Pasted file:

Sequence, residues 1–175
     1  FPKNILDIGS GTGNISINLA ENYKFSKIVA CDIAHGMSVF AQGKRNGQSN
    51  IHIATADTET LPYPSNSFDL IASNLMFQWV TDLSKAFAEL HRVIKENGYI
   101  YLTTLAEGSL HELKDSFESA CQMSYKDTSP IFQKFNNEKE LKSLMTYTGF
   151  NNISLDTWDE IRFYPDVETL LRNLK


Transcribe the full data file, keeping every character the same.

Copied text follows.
Sequence, residues 1–175
     1  FPKNILDIGS GTGNISINLA ENYKFSKIVA CDIAHGMSVF AQGKRNGQSN
    51  IHIATADTET LPYPSNSFDL IASNLMFQWV TDLSKAFAEL HRVIKENGYI
   101  YLTTLAEGSL HELKDSFESA CQMSYKDTSP IFQKFNNEKE LKSLMTYTGF
   151  NNISLDTWDE IRFYPDVETL LRNLK